Unwarranted fear of nuclear terrorism
in order to mitigate what is a substantially small threat. By effectively evaluating the arguments for alarmism and responding to them in turn, this MRP asserts that the assumptions from which stem the contemporary overblown rhetoric on nuclear terrorism are not grounded.” After terror attack in Belgium, the Director General of the International Atomic Energy Agency (IAEA) Yukiya Amano had said that Brussels attackers had planned to set off a radioactive ‘dirty bomb’.
Yukiya Amano went on to say: “Terrorism is spreading and the possibility of using nuclear material cannot be excluded. The material can be found in small quantities in universities, hospitals and other facilities. European authorities had revealed that the group behind the November 2015 Paris terrorist attacks was also spying on a senior nuclear official in Belgium; since then many news sources reported that the threat of “nuclear terrorism” existed. Joe Cirincione in his write up for CNN stated: “Chills went down a lot of experts’ spines last month when we saw the news that the Brussels bombers, the ISIS terrorists who blew up the airport and attacked the metro, were secretly videotaping a Belgian nuclear official. This official worked at a facility that had radiological material that terrorists could use for a dirty bomb. Strange enough, such fears are being expressed in the countries that claim to have sound security systems.
Michael Kugelman a senior program associate for South and Southeast Asia at the Woodrow Wilson Center, where he is responsible for research, programming and publications on South and Southeast Asia, had argued that Pakistani nukes may fall in the hands of terrorists attacking sensitive air bases in Pakistan. The absurd propaganda further asserted that “Pakistan was producing tactical nuclear weapons (TNW) meant for actual battlefield use with conventional forces (for short range use against India). Consequently, these will be removed from locked-down and secured bases, making them tremendously vulnerable to seizure, attack, or accident.” The aim of such propaganda is to depict Pakistan’s nukes as hazardous and risk prone. But it has been acknowledged by the IAEA as well as by the US that Pakistan’s nuclear assets are highly secured and under very responsible authority. These assets indeed help maintain minimum level of deterrence.
Though the US has not been consistent about its stance on Pakistani nukes, yet the US has assured the international community that Pakistan is capable of protecting its nuclear weapons. In a policy statement on Pakistan’s nuclear program, the US State Department said: “Islamabad is well aware of its responsibilities with respect to nuclear security and has secured its nuclear arsenal accordingly.” Few days before the summit, prestigious Harvard Kennedy School released a report reviewing global security measures, which stated: “US officials have reportedly ranked Indian nuclear security measures as weaker than those of Pakistan and Russia.” The report concluded that Pakistan’s nuclear security arrangements were stronger than India’s. Anyhow, it is an irrefutable fact that it was India that had misused its nuclear facility in 1974, and had also detonated nuclear devices in May 1998. Pakistan had to follow suit to show that Pakistan has the similar capability.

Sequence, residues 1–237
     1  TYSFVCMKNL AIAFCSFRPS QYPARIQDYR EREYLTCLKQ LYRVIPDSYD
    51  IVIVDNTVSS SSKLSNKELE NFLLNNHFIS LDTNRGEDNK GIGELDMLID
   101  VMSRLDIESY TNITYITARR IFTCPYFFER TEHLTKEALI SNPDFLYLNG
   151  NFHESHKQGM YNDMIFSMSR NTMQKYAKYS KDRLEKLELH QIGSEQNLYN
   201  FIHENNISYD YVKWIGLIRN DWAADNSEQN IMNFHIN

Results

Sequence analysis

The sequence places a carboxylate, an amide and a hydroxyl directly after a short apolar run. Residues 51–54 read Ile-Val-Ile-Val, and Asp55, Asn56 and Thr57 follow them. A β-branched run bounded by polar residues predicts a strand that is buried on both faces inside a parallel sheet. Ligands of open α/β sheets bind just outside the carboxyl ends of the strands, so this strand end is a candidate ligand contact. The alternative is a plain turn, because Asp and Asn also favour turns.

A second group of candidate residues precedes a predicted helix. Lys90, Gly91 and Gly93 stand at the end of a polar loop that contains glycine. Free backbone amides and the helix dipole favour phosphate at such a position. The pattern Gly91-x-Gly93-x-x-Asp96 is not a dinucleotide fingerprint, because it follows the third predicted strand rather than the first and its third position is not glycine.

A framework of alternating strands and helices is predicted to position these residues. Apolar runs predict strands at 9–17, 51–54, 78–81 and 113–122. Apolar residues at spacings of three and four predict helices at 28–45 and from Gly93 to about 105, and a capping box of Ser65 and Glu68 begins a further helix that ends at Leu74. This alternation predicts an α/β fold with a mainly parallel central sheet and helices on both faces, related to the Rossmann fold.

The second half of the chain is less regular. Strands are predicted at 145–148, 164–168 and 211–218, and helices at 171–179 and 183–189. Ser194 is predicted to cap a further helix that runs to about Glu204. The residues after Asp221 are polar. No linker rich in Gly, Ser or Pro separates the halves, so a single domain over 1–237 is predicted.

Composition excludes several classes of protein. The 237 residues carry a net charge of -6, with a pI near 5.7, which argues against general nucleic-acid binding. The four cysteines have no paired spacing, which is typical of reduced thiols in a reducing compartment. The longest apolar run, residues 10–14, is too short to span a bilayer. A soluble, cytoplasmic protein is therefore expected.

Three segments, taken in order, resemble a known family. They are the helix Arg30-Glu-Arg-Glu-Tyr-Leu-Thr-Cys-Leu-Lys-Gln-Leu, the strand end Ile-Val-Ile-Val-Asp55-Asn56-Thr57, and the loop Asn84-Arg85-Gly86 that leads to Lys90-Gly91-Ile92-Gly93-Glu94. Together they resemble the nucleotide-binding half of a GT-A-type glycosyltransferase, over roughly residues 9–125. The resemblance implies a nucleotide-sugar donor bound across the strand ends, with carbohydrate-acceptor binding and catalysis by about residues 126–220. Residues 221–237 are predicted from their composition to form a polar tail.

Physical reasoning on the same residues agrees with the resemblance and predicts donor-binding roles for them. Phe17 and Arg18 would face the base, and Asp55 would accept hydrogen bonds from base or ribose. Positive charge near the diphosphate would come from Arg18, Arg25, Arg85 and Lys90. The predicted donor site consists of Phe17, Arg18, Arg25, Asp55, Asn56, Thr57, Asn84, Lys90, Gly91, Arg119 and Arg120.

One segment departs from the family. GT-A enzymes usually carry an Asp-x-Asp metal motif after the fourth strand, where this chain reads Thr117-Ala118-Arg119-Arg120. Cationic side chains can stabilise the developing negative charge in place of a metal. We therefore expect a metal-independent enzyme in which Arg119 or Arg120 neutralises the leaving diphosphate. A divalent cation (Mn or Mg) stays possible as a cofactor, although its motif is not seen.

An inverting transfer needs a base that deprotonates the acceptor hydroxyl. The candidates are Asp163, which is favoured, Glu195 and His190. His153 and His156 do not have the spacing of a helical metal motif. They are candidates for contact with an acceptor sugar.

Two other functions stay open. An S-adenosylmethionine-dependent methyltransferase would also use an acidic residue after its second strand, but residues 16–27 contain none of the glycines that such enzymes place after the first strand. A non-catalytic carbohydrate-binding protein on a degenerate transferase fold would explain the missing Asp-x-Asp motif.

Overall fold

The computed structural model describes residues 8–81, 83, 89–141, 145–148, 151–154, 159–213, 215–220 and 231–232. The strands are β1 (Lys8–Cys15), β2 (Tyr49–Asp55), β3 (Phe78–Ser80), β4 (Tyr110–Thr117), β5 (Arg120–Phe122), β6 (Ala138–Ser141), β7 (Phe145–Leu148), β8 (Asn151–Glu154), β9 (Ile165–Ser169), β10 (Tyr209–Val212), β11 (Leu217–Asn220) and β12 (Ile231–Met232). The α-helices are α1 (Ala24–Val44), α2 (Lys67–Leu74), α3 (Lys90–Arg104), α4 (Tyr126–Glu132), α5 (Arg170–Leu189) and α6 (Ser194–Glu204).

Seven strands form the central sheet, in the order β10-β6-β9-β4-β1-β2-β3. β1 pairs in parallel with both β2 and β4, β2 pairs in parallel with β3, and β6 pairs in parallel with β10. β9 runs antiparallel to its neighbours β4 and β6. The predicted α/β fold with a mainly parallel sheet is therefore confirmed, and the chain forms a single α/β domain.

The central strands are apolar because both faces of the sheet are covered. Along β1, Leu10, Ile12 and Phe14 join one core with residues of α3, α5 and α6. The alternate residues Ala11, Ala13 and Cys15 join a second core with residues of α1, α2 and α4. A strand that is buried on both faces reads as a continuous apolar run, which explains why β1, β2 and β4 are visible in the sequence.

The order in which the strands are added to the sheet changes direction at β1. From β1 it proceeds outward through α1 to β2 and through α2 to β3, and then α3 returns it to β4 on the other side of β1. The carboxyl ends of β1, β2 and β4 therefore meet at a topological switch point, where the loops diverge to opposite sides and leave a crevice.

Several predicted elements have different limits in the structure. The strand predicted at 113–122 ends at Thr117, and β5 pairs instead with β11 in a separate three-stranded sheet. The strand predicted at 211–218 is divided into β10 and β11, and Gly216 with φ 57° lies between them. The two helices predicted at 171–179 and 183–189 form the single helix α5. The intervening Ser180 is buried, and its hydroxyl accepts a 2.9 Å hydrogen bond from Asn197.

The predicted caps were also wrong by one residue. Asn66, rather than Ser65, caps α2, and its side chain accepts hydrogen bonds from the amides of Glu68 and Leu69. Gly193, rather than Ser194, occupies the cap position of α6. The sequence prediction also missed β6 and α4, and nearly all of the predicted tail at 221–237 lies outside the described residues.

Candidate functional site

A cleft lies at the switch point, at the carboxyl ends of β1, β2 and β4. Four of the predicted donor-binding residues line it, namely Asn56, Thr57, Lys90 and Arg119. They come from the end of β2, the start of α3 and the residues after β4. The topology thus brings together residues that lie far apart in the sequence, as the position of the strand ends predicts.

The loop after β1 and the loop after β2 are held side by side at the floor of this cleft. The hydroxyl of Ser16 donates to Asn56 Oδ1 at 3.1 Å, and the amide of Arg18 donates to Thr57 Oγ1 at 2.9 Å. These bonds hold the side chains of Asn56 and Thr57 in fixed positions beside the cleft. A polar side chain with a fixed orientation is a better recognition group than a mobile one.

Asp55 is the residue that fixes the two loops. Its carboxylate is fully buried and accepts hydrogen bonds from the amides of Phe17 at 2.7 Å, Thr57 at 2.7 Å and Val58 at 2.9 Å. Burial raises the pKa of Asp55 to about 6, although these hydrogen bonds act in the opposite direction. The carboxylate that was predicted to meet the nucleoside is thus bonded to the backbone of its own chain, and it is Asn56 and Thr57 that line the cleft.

Lapse in security of India’s nuclear assets was revealed by international experts during a Nuclear Security Summit. The experts expressed severe reservations over India’s protection of its nuclear material. According to the details, experts of the international conference stated that there have been 5 cases of nuclear material theft in India over the past two decades. They added that the extent of security failure is so great that in 2013 guerrilla militants had stolen Uranium from the Army Complex, but the Indian army remained completely unaware of the incident. In April 2016, an independent US report by the Belfer Center at the Harvard Kennedy School declared the Indian nuclear program not only unsafe but also called for a satisfactory international oversight. The authors of the report titled ‘The Three Overlapping Streams of India’s Nuclear Program’ observed that “India is currently running three streams that include: civilian safeguarded, civilian un-safeguarded, and military.”
Authors recommended that India should achieve a cleaner separation of its civilian and military facilities by bringing eight unsafeguarded civilian facilities under safeguards. They also recommend that India should bring its fast breeder program as well as upcoming HEU facilities under safeguards. When U.S. officials made their first-ever visit to the restricted Bhabha Atomic Research Center in Mumbai, a complex where India makes plutonium for its nuclear weapons, their observations about its security practices were not reassuring. “Security at the site was moderate,” a cable from November 2008, approved by embassy Chargé d’Affaires Stephen White, told officials in Washington. He had also added that identification checks at the front gate were “quick but not thorough,” and visitor badges lacked photographs, meaning they were easy to replicate or pass around. One would not know if India has improved the system by now. —The writer is a senior journalist based in Lahore.